Synopses & Reviews
"Catering to comics junkies, this vibrant and well-researched picture book biography introduces the youthful inventors of Superman, who this year celebrates his 70th anniversary. Writer Jerry Siegel and illustrator Joe Shuster are mild-mannered everymen whose reflective glasses conceal their eyes and their potential. In a crowded high school hallway, Jerry wishes he could be with his 'friends,' and a turn of the page reveals Tarzan, Flash Gordon and Buck Rogers. Joe, 'lousy at sports and mousy around girls,' draws sci-fi heroes with a passion. In 1934, when both are 20, Jerry dreams up the Superman concept and Joe draws prototypes labeled 'S' for ' 'super.' And for 'Siegel' and 'Shuster.' ' In June 1938, their creation launches in Action Comics. Nobleman details this achievement with a zest amplified by MacDonald's (Another Perfect Day) punchy illustrations, done in a classic litho palette of brassy gold, antique blue and fireplug red. MacDonald's Depression-era vignettes picture Siegel pondering his superhero's powers and the friends casting a single, caped shadow. A cautionary afterword chronicles their protracted financial struggles with DC Comics when Siegel and Shuster sold their first Superman story, they also sold all rights to the character, for $130. Ages 10 up. (July)" Publishers Weekly (Starred Review) (Copyright Reed Business Information, Inc.)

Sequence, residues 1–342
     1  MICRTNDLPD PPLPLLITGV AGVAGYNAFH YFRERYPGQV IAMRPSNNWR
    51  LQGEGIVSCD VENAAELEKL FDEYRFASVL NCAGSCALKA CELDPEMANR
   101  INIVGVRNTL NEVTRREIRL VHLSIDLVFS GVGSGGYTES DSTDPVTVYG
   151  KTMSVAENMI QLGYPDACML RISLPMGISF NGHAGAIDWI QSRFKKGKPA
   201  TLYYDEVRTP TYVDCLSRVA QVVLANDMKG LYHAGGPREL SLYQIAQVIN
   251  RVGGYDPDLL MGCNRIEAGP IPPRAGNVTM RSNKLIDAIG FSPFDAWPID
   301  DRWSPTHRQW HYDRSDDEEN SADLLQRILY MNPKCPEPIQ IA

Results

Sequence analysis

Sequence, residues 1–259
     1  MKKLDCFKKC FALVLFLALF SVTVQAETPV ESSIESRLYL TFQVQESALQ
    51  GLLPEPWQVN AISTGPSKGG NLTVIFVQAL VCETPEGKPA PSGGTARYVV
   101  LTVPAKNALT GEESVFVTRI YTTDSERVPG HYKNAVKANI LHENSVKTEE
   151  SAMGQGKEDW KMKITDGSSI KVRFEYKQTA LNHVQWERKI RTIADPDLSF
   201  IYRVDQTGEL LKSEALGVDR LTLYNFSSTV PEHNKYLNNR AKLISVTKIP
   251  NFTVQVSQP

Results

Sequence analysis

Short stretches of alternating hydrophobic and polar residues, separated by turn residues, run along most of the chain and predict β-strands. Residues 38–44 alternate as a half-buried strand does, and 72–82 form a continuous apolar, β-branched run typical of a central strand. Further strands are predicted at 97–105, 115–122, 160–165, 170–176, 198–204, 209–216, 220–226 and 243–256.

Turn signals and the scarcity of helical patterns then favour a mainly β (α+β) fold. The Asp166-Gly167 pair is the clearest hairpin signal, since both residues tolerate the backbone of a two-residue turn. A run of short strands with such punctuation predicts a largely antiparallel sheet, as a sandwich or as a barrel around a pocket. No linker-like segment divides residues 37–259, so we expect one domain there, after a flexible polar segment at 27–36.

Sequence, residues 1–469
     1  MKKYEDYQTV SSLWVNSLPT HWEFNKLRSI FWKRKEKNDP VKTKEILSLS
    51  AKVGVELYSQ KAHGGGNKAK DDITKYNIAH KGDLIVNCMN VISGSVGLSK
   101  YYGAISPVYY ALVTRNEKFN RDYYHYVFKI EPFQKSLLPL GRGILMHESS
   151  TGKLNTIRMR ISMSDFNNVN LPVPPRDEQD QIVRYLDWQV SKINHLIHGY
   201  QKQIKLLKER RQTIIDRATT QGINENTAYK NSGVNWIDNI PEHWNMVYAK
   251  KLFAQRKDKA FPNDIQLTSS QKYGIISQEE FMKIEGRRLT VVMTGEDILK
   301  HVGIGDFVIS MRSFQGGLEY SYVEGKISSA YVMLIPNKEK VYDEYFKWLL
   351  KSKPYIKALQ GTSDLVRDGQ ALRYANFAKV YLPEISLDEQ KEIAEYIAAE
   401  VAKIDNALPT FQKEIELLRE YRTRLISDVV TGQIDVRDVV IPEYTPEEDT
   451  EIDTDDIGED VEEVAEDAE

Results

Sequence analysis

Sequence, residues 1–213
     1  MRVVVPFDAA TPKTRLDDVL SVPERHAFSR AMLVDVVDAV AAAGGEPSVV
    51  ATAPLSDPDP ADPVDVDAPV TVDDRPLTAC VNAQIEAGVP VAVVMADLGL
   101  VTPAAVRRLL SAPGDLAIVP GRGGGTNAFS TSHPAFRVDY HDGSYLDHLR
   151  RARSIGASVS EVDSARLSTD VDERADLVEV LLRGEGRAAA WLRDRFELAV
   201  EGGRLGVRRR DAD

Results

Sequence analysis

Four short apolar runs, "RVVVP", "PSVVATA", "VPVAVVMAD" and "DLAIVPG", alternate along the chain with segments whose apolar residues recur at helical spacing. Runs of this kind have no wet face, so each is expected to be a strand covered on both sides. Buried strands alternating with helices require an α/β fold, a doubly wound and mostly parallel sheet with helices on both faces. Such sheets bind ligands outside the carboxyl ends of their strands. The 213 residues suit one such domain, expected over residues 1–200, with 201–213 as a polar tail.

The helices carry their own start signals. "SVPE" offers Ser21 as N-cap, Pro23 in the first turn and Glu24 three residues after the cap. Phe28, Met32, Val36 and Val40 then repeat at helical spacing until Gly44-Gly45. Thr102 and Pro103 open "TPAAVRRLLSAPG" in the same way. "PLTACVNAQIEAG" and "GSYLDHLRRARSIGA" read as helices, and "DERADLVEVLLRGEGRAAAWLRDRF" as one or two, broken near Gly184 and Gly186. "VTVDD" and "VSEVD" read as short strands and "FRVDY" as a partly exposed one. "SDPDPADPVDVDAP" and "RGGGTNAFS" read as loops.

Jerry Siegel and Joe Shuster, two misfit teens in Depression-era Cleveland, escaped into the worlds of science fiction and pulp magazine adventure tales and went on to create one of the most famous comic-book heroes of all time. Full color.